Recall that this is the second time the probe attacks the asteroid Ryugu (“Why does Hayabusa-2 shoot an asteroid?”). On February 22, 2019, the Hayabusa-2 spacecraft approached the surface of the cosmic body, fired a 2-kilogram charge, collected the dust that had risen and flew off again to the previous orbit.
Why repeat this maneuver again? The fact is that in the first case, the researchers collected dust, which lay on the surface. The April mission consisted in the formation of a crater and the taking of intact ancient samples that will help uncover the secrets of the formation of the solar system and, possibly, the appearance of life on Earth.
The rapprochement on April 5 is considered the most risky stage in the Japanese project. Hayabusa-2 had to reset a special detonating unit and have time to fly as far as possible, so that the device does not hit the fragments. The strike element weighed 2 kg, and resembled a basketball in size. The Japanese space agency JAXA reports that the device completed the task and managed to fly on time. Now Hayabusa-2 orbits around the 900-meter asteroid Ryugu, and scientists are waiting for dust and debris to settle to study the crater. They need to re-lower the probe and take samples that have not come into contact with sunlight or cosmic rays for billions of years.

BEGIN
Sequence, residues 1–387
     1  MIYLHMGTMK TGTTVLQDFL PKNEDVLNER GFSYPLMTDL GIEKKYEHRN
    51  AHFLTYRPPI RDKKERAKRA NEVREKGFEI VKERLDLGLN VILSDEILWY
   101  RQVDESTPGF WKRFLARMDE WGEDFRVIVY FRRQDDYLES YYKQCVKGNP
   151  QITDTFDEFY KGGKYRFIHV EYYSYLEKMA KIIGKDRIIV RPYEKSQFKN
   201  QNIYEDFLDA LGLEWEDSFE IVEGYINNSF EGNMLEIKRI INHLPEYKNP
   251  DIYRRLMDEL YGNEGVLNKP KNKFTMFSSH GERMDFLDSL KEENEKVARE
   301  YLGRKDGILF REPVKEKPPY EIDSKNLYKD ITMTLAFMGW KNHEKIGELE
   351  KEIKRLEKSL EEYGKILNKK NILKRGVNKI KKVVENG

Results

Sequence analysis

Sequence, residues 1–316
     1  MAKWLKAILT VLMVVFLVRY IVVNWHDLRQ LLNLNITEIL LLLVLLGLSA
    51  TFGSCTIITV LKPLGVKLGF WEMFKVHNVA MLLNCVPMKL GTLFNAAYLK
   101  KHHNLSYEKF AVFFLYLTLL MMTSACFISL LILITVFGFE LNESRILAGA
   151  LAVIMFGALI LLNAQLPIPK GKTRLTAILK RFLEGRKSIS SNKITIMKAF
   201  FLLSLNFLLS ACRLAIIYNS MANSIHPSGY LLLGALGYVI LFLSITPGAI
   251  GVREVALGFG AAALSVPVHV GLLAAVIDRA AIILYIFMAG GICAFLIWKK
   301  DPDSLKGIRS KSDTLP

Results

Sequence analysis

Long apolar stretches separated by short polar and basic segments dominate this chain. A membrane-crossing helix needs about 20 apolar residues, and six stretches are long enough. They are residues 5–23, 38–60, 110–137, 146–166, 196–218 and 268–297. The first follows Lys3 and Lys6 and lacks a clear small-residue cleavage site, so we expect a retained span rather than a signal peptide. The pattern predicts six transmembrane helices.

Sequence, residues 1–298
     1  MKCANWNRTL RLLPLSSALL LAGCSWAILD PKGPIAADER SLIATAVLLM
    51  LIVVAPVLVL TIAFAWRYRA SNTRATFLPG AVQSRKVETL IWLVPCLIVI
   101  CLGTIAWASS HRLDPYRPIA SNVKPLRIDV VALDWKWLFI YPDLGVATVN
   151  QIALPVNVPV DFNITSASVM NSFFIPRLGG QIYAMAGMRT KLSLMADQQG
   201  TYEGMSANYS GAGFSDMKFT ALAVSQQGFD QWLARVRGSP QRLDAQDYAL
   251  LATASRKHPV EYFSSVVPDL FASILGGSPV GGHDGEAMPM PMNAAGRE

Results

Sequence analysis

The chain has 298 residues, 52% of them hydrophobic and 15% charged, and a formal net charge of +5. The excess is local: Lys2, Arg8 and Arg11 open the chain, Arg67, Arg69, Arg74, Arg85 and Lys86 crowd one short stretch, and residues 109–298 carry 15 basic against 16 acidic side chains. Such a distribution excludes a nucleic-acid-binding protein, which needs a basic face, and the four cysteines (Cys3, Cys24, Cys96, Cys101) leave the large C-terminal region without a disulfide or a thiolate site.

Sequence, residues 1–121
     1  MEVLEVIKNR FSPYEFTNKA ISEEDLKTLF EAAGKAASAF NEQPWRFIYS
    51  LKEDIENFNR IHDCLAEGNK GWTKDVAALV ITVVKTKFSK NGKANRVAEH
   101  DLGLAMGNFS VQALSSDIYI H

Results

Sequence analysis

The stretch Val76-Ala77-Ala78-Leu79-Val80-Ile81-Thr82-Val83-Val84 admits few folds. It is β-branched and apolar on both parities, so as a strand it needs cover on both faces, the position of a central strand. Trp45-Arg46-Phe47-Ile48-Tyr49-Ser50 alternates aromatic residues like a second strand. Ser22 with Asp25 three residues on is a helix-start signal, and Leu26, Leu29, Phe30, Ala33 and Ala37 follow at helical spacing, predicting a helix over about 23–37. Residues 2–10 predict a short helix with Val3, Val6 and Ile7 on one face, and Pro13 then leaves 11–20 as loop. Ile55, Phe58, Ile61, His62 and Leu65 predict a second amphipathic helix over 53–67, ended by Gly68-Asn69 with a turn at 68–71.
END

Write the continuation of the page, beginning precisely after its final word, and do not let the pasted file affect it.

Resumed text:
Over the coming weeks, Hayabusa-2 will align its own orbit, and study the crater from afar. The event should have been recorded on camera Hayabusa-2. The signal is being processed. If everything goes according to plan, the space probe will return to Earth in December 2020 with the samples.